The first Sunday after Easter commemorates the Apostle Thomas’ doubting, then assurance, of Christ’s Resurrection.
Described in John 20:19-31, the Icon of the feast describes the moment eight days after the Resurrection when Christ appeared amidst His disciples. It was His second appearance to the Apostles, yet the young Tomas had not been present first time round and had said to the others: “Unless I see in His hands the print of the nails and put my hand into His side, I will not believe.”
Here, now, Christ appears miraculously within the disciples’ hiding place, the door firmly shut; and yet He is real, and invites Thomas: “Reach your finger here, and look at My hands; and reach your hand here, and put it into My side. Do not be unbelieving but believing”.
The composition of the icon: Christ’s arm raised, His right side revealed, Thomas bending down to poke it, has been established since at least the 5th century, as evidenced by a first millennium ivory diptych showing the Resurrection; this is unsurprising, as the icon takes its cue from the written description in John’s Gospel.
Where the Icon does, in part, give a deeper interpretation of the account is in the inscriptions found on images of Thomas touching Christ’s wounds. The term “doubting Thomas” is a familiar one, referring to the Apostle and used to describe someone who unreasonably doubts someone’s word. Even in Russian there is a term for such a person: Фома неверующий (Foma neveruyushchii).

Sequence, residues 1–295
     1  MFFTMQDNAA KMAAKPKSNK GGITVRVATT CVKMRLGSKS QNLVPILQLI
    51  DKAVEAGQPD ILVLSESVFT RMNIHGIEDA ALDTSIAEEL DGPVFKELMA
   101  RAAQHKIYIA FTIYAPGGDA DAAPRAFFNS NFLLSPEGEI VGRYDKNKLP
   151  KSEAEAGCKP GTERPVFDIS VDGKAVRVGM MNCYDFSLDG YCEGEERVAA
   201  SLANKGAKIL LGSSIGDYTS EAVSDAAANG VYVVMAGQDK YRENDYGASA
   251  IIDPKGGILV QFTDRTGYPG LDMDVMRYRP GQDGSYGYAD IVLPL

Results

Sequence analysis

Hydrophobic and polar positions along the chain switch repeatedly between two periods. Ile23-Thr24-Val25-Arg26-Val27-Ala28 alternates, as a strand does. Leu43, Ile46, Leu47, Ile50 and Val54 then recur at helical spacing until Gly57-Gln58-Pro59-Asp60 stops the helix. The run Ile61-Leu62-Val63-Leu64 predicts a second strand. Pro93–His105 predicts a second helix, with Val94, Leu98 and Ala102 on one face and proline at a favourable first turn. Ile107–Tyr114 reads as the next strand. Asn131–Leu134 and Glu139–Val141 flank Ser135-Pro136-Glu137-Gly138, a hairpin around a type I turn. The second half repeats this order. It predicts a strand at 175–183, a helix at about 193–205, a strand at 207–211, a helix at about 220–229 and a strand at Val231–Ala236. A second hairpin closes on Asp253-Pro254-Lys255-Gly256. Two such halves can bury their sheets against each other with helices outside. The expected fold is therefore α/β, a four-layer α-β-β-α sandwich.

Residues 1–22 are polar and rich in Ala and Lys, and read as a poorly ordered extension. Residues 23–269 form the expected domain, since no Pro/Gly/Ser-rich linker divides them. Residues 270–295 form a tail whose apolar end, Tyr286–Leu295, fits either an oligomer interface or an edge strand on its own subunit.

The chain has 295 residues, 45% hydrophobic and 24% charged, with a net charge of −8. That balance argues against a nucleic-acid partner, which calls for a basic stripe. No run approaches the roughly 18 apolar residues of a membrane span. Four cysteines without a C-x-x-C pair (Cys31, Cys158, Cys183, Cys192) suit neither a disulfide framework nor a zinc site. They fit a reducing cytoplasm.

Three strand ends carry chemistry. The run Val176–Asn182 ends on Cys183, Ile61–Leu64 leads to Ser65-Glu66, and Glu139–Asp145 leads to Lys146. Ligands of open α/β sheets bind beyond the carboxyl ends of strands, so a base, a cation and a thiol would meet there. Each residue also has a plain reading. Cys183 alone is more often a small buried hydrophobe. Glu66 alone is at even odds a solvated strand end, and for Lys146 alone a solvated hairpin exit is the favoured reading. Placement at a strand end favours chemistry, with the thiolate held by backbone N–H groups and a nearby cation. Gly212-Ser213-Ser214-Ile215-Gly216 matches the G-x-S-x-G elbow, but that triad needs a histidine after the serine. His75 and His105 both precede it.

However, the inscriptions of Orthodox Icons do not bear this description of Thomas. In Greek, the inscription reads Η ψηλάφηση του Θωμά, that is, the “Touching of Thomas”, making no reference to Thomas’ doubt. In Slavonic the meaning is even clearer as the inscriptions read Уверение Фомы, i.e. the “Assurance of Thomas”. Usually, English icons translate the Slavonic and inscribe their icons “The Belief of Thomas”.
The icon does not show “Doubting Thomas”, but the reassured Thomas. The Thomas who, bending before Christ to touch His wounds exclaims: “My Lord and my God!”. The Church Fathers recognized that whilst Thomas doubted, his doubt was not unreasonable, and as such Christ responded, spurring Thomas to a confession of Jesus’ Divinity more explicit than anywhere else in the Gospels.
Looking out from the scene, Christ’s response to Thomas is also for us: “Because you have seen Me, you have believed. Blessed are those who have not seen Me yet have believed.”
While the tomb was sealed, You, O Life, did shine forth from the grave, O Christ God; and while the doors were shut, You did come unto Your disciples, O Resurrection of all, renewing through them an upright Spirit in us according to Your great mercy.
With his searching right hand, Thomas did probe Your life-bestowing side, O Christ God; for when You did enter while the doors were shut, he cried out unto You with the rest of the Apostles: You are my Lord and my God.
(from the Hymns of the Feast)
More frescoes of the cathedral Protata in Kars, Athos (includes the “Touching of Thomas” fresco used above)
About the Daphni Monastery (from where the 12th century Greek mosaic is found)